homo homini lupus, or, Romantic Beast Wars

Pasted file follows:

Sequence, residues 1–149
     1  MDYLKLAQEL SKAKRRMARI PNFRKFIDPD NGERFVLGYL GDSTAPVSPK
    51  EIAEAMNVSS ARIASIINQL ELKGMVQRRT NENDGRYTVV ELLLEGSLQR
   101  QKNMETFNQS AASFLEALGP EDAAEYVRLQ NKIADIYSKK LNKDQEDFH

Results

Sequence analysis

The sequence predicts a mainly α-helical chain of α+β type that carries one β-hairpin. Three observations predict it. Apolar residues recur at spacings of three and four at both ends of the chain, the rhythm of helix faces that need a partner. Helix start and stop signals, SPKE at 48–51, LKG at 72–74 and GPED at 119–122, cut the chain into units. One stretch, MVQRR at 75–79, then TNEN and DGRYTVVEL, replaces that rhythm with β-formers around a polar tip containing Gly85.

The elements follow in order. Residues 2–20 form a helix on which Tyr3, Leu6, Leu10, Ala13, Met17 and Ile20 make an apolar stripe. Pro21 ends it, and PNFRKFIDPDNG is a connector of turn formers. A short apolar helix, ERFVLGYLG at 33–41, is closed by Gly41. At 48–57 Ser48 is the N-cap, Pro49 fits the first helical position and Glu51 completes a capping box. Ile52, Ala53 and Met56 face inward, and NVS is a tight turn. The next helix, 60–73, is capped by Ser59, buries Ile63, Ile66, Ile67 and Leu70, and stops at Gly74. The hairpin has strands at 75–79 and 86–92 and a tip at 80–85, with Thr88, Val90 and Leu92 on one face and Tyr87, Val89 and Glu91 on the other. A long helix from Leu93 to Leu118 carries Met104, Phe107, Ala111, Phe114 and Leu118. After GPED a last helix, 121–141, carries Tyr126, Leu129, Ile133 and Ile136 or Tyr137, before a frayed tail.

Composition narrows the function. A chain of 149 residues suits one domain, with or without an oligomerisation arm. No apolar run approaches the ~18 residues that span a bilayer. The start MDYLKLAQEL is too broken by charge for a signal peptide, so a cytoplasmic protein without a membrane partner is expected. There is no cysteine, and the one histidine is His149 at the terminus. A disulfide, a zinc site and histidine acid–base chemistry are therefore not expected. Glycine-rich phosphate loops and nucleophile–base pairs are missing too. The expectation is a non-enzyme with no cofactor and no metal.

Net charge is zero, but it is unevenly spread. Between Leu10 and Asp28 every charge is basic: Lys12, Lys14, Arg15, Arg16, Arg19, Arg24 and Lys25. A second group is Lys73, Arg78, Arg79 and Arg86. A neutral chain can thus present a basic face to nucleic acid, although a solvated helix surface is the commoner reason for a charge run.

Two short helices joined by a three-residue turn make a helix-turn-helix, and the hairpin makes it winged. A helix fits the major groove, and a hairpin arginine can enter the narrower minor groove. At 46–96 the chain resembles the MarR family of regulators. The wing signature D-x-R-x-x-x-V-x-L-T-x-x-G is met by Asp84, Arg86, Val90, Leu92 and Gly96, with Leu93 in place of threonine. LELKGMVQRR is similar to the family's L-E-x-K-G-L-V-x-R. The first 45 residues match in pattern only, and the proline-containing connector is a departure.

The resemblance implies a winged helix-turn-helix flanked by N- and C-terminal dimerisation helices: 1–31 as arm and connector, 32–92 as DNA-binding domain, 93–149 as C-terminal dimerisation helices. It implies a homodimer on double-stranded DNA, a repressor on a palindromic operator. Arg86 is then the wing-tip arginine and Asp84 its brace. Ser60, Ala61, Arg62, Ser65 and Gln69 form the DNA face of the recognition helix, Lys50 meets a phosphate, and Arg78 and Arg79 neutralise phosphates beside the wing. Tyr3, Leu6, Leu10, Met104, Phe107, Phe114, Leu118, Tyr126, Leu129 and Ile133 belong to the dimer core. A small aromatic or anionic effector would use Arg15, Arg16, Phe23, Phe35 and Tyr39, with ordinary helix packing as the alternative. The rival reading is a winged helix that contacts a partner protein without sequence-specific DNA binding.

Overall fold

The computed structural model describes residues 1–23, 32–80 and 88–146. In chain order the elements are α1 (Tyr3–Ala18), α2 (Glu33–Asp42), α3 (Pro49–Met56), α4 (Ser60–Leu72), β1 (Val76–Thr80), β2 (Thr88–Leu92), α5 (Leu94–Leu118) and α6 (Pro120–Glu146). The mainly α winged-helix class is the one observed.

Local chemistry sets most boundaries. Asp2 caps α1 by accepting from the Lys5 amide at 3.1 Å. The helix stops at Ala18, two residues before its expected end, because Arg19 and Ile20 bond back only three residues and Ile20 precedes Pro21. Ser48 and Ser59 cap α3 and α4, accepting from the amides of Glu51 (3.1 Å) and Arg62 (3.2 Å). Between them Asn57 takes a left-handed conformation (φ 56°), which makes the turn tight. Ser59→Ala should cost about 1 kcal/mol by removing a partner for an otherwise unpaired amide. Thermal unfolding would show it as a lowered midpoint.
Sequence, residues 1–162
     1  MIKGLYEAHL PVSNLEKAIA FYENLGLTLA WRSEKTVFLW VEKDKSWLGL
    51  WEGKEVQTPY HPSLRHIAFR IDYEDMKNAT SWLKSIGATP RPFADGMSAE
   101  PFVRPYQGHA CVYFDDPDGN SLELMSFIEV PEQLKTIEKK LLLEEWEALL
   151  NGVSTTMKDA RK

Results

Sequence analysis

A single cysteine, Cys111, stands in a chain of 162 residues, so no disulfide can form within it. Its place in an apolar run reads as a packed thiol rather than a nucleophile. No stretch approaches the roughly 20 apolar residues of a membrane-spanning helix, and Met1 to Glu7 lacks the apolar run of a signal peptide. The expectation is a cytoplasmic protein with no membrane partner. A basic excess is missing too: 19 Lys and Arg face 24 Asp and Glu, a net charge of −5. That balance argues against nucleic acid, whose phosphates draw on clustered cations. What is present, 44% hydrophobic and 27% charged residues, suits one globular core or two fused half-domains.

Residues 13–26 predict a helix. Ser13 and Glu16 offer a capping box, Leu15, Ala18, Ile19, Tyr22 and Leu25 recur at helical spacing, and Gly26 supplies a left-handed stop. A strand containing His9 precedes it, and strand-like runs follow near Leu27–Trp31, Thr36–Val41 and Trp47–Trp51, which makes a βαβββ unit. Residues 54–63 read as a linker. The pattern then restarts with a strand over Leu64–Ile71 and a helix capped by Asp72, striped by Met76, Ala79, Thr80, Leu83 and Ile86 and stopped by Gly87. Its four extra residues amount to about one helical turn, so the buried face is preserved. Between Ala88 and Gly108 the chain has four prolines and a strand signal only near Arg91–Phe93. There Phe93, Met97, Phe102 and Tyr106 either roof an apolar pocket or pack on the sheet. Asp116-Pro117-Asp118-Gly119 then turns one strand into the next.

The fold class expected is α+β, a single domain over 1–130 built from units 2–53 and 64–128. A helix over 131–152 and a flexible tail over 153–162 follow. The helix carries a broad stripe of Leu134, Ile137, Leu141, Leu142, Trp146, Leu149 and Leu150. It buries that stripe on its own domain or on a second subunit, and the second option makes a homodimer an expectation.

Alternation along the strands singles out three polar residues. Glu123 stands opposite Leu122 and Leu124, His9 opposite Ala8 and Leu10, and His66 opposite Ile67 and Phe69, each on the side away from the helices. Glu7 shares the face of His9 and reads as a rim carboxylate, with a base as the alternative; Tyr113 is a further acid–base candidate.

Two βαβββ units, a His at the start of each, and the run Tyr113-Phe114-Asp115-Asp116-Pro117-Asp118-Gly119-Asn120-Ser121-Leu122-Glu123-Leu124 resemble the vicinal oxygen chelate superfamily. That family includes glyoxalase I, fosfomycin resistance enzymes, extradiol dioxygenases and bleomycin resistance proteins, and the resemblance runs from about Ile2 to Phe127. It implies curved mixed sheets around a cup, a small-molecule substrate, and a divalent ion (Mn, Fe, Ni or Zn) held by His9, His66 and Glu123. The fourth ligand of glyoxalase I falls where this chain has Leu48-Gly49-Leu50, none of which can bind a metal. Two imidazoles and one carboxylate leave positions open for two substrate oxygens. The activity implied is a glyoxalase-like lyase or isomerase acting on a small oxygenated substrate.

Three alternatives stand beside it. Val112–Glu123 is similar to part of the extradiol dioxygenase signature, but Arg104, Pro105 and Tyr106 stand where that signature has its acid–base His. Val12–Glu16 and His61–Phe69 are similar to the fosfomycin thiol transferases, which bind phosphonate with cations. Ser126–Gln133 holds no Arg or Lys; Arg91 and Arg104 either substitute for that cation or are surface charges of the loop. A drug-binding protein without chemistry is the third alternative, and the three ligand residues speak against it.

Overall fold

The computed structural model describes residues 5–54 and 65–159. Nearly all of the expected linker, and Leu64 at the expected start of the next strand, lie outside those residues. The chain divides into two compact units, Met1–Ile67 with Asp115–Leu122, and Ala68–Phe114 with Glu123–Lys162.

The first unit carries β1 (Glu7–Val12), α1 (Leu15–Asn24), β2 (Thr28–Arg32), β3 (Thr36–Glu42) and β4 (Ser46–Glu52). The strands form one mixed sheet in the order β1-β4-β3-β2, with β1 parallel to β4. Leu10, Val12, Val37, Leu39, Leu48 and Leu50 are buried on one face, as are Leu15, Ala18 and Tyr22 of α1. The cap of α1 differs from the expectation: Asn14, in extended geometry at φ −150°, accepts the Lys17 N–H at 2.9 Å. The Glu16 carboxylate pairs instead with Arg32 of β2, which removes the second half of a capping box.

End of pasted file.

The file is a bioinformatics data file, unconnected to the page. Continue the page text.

The judicial bestiary at the heart of eighteenth-century politics has long been evident in Enlightenment social contract debates, as Michel Foucault’s and Giorgio Agamben’s theories of biopolitics show. In this essay, I argue that Wollstonecraft is nonetheless the first thinker of ‘true’ werewolf out-lawry in her final novel, Maria, Or the Wrongs of Woman and in her letters to Godwin. In the novel, Wollstonecraft leverages what we now call new materialism as a feminist critique of heteropatriarchal society. Wollstonecraft’s new materialist thinking also scrambles gender across even human and nonhuman distinctions. To counter microcosmic familial and macrocosmic state heteropatriarchy, Wollstonecraft theorizes what I am calling, following the example of wolves and werewolves, not a family but a ‘pack’. The pack manifests as new spacetimes through what Karen Barad terms “quantum entanglements” that produce love between subjects and subjects but that never strives to reproduce binaristic pairings that reproduce the sovereign family. A pack, as Wollstonecraft’s texts demonstrate, emerges from processes of co-creation that iterate new subjects and objects without dynamic power structures structured around stable gender identities or human and nonhuman power relations.
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